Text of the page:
(2) Contacting the Manufacturer: For any requirement in this AD to obtain corrective actions from a manufacturer, the action must be accomplished using a method approved by the Manager, International Section, Transport Standards Branch, FAA; or the European Aviation Safety Agency (EASA); or Dassault Aviation's EASA Design Organization Approval (DOA). If approved by the DOA, the approval must include the DOA-authorized signature.

    (k) Related Information

    (1) Refer to Mandatory Continuing Airworthiness Information (MCAI) EASA AD 2017-0236, dated November 30, 2017, for related information. This MCAI may be found in the AD docket on the internet at http://www.regulations.gov by searching for and locating Docket No. FAA-2018-0306.

    (2) For more information about this AD, contact Tom Rodriguez, Aerospace Engineer, International Section, Transport Standards Branch, FAA, 2200 South 216th St., Des Moines, WA 98198; telephone and fax 206-231-3226.

    (l) Material Incorporated by Reference

    (1) The Director of the Federal Register approved the incorporation by reference (IBR) of the service information listed in this paragraph under 5 U.S.C. 552(a) and 1 CFR part 51.

    (2) You must use this service information as applicable to do the actions required by this AD, unless this AD specifies otherwise.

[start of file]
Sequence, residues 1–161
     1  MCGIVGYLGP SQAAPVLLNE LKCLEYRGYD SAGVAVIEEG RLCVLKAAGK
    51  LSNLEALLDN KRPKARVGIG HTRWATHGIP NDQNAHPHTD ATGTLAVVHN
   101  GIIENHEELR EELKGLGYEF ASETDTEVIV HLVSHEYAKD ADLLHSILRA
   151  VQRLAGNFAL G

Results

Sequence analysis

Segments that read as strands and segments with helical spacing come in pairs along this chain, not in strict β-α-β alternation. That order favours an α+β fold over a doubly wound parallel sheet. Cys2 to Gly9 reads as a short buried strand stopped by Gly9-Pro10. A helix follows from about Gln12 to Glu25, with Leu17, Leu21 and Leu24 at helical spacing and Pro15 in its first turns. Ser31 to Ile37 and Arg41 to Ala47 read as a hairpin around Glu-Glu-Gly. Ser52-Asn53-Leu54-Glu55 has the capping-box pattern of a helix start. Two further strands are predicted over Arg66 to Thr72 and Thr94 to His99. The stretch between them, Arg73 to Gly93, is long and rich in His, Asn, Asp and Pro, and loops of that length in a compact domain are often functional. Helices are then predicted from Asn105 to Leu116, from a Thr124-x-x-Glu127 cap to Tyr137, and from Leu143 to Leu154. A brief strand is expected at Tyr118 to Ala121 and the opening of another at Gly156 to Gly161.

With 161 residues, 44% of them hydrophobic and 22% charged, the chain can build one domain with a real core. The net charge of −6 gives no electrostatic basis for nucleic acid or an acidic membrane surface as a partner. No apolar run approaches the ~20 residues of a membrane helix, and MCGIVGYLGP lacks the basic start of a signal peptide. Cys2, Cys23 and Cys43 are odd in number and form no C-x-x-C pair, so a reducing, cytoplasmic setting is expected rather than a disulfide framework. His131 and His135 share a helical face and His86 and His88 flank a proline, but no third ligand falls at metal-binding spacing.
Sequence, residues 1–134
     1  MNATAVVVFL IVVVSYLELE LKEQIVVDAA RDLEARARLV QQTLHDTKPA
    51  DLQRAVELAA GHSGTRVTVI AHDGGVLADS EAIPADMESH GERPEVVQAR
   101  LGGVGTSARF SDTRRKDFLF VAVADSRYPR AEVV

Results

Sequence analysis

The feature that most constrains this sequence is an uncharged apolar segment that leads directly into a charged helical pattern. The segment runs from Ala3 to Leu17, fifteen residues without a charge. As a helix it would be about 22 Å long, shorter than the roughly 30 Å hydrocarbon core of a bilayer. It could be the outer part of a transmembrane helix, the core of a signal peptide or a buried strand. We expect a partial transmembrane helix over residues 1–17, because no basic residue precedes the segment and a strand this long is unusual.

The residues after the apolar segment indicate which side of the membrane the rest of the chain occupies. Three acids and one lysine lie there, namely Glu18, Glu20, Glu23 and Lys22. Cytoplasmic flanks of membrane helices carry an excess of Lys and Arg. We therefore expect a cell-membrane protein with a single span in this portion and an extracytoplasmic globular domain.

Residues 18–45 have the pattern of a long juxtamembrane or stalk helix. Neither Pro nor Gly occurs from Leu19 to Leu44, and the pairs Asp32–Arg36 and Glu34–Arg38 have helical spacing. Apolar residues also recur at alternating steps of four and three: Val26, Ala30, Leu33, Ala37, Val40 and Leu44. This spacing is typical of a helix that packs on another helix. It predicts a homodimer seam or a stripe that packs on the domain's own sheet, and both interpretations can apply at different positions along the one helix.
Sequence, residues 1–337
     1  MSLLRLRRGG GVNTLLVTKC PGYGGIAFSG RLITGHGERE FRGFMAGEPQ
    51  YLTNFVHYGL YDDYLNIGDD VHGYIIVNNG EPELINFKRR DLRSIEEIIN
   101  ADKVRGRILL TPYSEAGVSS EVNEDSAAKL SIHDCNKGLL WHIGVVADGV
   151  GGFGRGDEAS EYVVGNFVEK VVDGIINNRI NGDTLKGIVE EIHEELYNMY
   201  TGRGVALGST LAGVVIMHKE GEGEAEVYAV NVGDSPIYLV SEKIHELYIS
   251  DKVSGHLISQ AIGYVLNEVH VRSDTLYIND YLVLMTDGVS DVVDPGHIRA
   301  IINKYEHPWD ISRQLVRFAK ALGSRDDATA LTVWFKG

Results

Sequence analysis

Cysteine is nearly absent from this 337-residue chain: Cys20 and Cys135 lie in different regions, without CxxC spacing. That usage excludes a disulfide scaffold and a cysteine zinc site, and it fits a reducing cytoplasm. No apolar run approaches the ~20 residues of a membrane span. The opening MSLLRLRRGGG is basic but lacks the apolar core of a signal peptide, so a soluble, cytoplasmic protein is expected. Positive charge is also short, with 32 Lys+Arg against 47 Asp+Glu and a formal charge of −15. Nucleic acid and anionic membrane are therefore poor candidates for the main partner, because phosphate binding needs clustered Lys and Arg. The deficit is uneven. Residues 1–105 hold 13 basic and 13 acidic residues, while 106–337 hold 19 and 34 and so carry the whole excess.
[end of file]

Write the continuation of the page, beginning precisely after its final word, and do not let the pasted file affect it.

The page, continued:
(i) Chapter 5-40, Airworthiness Limitations, DGT 113876, Revision 19, dated November 2017, of the Dassault Falcon 2000 Maintenance Manual.

    (ii) Reserved.

    (3) For service information identified in this AD, contact Dassault Falcon Jet Corporation, Teterboro Airport, P.O. Box 2000, South Hackensack, NJ 07606; telephone 201-440-6700; internet http://www.dassaultfalcon.com.

    (4) You may view this service information at the FAA, Transport Standards Branch, 2200 South 216th St., Des Moines, WA. For information on the availability of this material at the FAA, call 206-231-3195.

    (5) You may view this service information that is incorporated by reference at the National Archives and Records Administration (NARA). For information on the availability of this material at NARA, call 202-741-6030, or go to: http://www.archives.gov/federal-register/cfr/ibr-locations.html.